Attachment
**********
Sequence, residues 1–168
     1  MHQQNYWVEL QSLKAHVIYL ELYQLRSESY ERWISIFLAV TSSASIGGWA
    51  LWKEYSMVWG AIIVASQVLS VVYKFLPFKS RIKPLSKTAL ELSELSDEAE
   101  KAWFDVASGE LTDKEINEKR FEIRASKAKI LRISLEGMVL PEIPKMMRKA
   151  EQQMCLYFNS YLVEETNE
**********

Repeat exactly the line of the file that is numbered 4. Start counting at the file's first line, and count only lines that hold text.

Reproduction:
   101  KAWFDVASGE LTDKEINEKR FEIRASKAKI LRISLEGMVL PEIPKMMRKA